With optimistic earnings for 2014 at $120 (10% growth from here …), and with 15x forward P/E, the S&P should be at 1800 … and this is where we are already. I think it will be difficult to chase this market until year end for 1% upside, to buy a market that is already discounting next year’s earnings. I feel some should start protecting this year’s profits first.

    However, thanks to QE, corporations are forced to buy their own shares instead of doing M&A, plainly justified by the return of their investment. This ultimately drives up multiples. So then, ok, maybe we should expect some more upside, but still on multiple expansions as corporations as absolutely no incentives to use their cash for capex and hiring. This won’t help the top line, won’t help the bottom line, and, again, if any upside it will be on multiple expansion, leaving this market extremely vulnerable to the Fed’s QE. Catch 22 situation, highlighting a difficult exit …

  8. bigsteve says:

    I am just a working man who makes some investments in mutual funds in a 457 plan. But I am long term bullish because the third world is industrializing and the middle class world wide is growing rapidity. That will generate demand which certainly large cap who generally are multinational companies will be able to tap into but also smaller cap will get a piece of the action too. My understanding is that market value is usually forward looking at future earnings. The question is does the growth coming justify the current market price. That is partly a human judgement on what people are willing to pay for a piece of a company’s future earnings and the long term growth rate. Is the market getting ahead of itself? My gut reaction is most likely not.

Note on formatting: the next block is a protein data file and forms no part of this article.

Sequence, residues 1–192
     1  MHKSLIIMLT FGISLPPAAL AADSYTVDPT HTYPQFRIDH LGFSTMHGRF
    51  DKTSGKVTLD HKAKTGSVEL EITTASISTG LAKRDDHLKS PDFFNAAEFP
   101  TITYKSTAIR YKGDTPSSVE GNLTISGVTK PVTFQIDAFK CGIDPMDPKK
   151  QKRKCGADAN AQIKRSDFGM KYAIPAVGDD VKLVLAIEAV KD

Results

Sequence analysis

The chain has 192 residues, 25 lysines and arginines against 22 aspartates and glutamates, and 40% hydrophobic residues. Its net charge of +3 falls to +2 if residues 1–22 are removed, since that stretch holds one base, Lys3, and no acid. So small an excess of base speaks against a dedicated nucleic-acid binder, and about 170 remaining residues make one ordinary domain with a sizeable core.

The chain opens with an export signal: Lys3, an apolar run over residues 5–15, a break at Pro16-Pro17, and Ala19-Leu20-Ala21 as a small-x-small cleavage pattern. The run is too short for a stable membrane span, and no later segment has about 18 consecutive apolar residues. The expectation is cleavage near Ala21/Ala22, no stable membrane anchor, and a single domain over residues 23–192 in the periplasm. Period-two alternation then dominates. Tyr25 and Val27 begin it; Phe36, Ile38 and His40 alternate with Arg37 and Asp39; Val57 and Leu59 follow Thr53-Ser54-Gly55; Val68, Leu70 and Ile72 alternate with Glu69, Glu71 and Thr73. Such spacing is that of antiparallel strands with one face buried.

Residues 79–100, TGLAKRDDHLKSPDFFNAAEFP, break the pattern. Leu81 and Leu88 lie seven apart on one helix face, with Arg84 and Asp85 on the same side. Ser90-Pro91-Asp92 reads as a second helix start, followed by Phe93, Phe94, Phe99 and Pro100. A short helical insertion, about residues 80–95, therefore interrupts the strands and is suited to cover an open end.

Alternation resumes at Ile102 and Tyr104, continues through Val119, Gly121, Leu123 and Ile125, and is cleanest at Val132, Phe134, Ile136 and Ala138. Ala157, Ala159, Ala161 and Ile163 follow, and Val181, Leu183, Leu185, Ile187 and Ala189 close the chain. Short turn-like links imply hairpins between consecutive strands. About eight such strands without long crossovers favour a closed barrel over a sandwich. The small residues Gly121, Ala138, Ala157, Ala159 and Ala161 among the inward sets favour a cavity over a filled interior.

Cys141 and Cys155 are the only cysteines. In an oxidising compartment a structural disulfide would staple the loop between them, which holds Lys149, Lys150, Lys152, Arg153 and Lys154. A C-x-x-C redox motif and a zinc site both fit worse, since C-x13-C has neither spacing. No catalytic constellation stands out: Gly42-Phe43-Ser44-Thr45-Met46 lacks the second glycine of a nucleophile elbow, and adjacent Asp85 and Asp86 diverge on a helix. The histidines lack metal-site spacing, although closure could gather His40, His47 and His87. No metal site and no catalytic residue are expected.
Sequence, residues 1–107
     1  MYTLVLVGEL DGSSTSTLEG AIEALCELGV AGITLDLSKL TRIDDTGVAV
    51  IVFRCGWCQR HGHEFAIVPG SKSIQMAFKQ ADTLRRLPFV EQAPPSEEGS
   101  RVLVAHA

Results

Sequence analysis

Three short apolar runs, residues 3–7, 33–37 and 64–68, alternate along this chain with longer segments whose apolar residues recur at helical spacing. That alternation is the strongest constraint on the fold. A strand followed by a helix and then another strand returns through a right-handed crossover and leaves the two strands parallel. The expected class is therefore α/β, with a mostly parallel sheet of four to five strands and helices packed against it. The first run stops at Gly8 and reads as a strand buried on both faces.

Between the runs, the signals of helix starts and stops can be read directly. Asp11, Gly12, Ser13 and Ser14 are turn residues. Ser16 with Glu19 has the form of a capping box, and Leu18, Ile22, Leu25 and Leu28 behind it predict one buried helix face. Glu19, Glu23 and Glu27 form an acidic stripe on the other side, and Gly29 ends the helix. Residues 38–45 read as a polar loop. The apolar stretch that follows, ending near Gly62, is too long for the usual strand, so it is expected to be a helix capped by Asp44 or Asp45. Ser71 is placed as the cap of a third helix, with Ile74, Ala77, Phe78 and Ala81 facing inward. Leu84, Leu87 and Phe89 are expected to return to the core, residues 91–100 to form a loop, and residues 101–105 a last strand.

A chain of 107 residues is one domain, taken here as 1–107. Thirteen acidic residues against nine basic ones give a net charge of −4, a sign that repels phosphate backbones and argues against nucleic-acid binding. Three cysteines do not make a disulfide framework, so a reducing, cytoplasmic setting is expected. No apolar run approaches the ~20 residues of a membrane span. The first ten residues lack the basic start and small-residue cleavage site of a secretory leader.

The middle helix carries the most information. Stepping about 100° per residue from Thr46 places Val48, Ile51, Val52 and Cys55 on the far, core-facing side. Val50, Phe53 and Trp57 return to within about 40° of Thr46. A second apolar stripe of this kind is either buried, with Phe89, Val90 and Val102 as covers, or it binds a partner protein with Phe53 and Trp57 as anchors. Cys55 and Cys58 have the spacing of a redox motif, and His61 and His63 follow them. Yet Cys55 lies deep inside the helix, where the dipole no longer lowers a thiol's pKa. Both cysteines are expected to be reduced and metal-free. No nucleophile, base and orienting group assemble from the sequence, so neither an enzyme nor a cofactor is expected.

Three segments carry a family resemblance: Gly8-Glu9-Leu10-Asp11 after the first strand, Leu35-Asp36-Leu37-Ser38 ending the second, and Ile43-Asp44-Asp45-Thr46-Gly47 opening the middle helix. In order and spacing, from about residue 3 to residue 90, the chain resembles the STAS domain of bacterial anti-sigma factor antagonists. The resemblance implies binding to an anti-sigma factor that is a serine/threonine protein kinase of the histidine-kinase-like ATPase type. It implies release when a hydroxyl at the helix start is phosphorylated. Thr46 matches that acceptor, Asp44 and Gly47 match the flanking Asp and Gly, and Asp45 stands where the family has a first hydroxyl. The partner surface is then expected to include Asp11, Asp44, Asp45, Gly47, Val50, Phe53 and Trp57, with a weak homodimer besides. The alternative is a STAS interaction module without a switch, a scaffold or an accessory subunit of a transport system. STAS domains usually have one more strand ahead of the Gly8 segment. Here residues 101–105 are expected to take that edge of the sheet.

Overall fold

9. tshelton12 says:

    Does it really matter whether the markets are 18% or 24% overvalued? Markets can stretch longer than we think makes sense. Its the primary reason I believe you have to marry fundamental and technical analysis together. Fundamentals are saying expensive but technicals are saying the markets are pretty strong. Probably makes sense to be cautious and a little defensive here but stocks are about the only game in town (until they aren’t) so you have to have an adequate allocation to equities.

    Barry – FWIW, I was at JP Morgan for a good stretch and in the summer of 2008 D. Kelly was pounding the table that stocks are cheap and the housing crising would have a soft landing. Even into the fall he was in denial. My impression is that even if he believed stocks were over valued, he’d NEVER tell you to sell. He is a typical sell side economist and I personally have put him on the DO NOT LISTEN TO list. Again, FWIW

  10. Also see:

    Robert Shiller: Stocks high but not ‘alarming’ (MarketWatch)

  11. BenGraham says:

    NIPA says “all US corporations”. I’d just point out that not all corporations are publicly traded. That alone might account for the lower valuation on the NIPA data.

    Secondly, why did JPM truncate the data at 40 years? Sure, 40 years is a long time, but why not use 50? or back to 1900 even? It’s not like the data isn’t there.

    Finally, I’d just note that in all past secular cycles, valuations broke significantly below average for significant periods of time. 2009Q1 does not meet this pattern. Either mean reversion is dead or the market is significantly overvalued.

  12. Frilton Miedman says:

    Mindful of the “E” in P/E, the slightest improvement to median net worth, wages or if something happens to stimulate/coerce the unprecedented $2.3 Trillion in excess reserves into lending instead of use for prop trading collateral….

  13. odnalro zeraus says:

    Barry, what do you think?
    Can we get a response from Shiller?

  14. sensibleinvestor says:

    This graph is telling me that you want to own stocks when Shiller P/E is going up, which was the case from 82-99,03-07,09-?

  15. TKREF says:

    Apples & oranges. SP500 valuation is what’s relevant to SP500 index. NIPA valuation would be relevant to a NIPA index, but there is no such thing, because NIPA is based on all U.S. corporations — including privately held. NIPA valuations and SP500 valuations follow same trends, but to assess historical relative valuation, use SP500 valuation for SP500 index. (Duh.)

    For more, see

    Also, not that much of a difference between 18% overvalued and 24% overvalued. The question is where valuations are headed from here.